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Heartsmart Cooking for Family and Friends

by Bonnie Stern

If for some reason you want or, God forbid, need to know how many milligrams of potassium, carbohydrate fibre, or saturated fat are contained in the num-nums you serve at your next big soirée, Bonnie Stern’s HeartSmart Cooking for Family and Friends is the cookbook for you. But pity your guests.

Bonnie Stern, in contention with Rose Reisman and Anne Lindsay, is, of course, the reigning queen of Canada’s home economists-cum-dietitians-cum-chefs. She has seven cookbooks, a cooking school, and two TV shows.

HeartSmart Cooking for Family and Friends is Stern’s opus on how to entertain without doing damage to your guests. Backed up by quaint Joy of Cooking-style line drawings and advice on such party matters as napkin folding, roast carving, garnishing, and table manners, Stern, with an army of dietitians providing nutritional stats, offers dozens of vitamin and fibre-loaded, low-fat party recipes.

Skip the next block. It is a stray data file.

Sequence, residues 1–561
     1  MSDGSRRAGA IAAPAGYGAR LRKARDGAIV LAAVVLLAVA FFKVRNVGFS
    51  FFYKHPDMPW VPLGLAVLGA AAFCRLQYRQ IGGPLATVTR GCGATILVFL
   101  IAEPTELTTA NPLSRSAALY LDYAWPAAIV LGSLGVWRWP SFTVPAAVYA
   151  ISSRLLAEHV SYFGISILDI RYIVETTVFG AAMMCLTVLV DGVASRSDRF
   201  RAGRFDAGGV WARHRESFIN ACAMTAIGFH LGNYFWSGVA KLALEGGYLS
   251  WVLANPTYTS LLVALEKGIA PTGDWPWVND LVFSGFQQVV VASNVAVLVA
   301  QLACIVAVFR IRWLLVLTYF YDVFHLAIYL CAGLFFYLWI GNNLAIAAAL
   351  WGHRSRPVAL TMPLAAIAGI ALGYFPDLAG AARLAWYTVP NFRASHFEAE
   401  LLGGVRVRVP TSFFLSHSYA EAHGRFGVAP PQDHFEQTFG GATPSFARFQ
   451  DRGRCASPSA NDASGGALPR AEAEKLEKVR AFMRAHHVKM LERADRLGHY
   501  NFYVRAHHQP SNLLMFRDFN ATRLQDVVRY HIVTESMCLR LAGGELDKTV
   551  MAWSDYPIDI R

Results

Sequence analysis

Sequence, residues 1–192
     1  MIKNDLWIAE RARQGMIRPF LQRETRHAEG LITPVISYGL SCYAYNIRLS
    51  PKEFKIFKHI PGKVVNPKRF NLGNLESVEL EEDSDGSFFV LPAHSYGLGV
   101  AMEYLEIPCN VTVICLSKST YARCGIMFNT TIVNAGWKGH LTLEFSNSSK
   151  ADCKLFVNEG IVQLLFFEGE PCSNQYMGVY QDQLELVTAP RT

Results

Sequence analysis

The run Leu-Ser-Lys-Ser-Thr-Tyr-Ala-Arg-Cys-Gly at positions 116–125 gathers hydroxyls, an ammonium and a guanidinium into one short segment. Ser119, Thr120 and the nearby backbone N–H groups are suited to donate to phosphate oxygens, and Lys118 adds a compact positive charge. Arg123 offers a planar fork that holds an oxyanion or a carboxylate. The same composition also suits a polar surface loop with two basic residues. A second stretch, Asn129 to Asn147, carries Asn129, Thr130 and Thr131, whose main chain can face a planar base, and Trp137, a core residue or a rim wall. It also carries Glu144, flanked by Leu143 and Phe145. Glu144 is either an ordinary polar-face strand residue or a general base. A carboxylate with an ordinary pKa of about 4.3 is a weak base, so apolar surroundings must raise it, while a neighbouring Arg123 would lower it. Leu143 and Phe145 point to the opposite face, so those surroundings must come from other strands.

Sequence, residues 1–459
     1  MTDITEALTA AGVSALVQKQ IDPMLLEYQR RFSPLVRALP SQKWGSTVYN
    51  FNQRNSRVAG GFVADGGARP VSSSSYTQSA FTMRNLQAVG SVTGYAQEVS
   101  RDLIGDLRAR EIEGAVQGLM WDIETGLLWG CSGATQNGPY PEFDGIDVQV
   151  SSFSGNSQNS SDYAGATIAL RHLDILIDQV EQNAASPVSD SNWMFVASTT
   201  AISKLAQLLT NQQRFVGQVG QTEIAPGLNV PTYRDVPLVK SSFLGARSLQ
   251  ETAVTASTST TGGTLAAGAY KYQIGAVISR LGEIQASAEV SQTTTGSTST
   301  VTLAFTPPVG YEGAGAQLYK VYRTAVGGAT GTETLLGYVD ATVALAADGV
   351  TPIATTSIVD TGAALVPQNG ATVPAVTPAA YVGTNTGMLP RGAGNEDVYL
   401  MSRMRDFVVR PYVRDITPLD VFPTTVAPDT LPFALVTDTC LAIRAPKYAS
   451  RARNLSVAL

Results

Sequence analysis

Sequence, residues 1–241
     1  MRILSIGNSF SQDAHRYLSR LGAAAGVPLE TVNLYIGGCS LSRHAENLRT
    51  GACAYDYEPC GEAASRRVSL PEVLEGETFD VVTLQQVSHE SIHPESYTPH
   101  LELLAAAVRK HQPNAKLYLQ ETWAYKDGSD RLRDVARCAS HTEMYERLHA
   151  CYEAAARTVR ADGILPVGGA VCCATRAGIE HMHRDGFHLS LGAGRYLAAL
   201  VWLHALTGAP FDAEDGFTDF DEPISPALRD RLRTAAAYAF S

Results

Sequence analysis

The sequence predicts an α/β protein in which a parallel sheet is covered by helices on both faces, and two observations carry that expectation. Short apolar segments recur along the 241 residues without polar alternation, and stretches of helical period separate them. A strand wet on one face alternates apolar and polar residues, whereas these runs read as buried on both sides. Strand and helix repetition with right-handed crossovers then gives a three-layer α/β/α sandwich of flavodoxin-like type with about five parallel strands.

That’s right: low-fat parties.

Not to misrepresent. These are well-crafted recipes. The instructions are clear, the results tasty. But low-fat parties? Isn’t that an oxymoron? How large a party-throwing market exists that cares if asparagus soup has 4 mg of cholesterol, or chicken satay 88 mg of potassium, or that pasta with carmelized onions is an excellent source of folacin? Life is short, a party is an opportunity to play. Party food should be decadent, buttery, sweet, and rich. If Stern’s aim is to be inclusive, well, she’s living up to her name by suggesting all guests should suffer because a few can’t eat cream sauce.

The circle is complete: nutrition control is out of control. Anyone this obsessed with calorie count, fibre intake, and potassium levels, is likely incapable of having, let alone providing, a good time.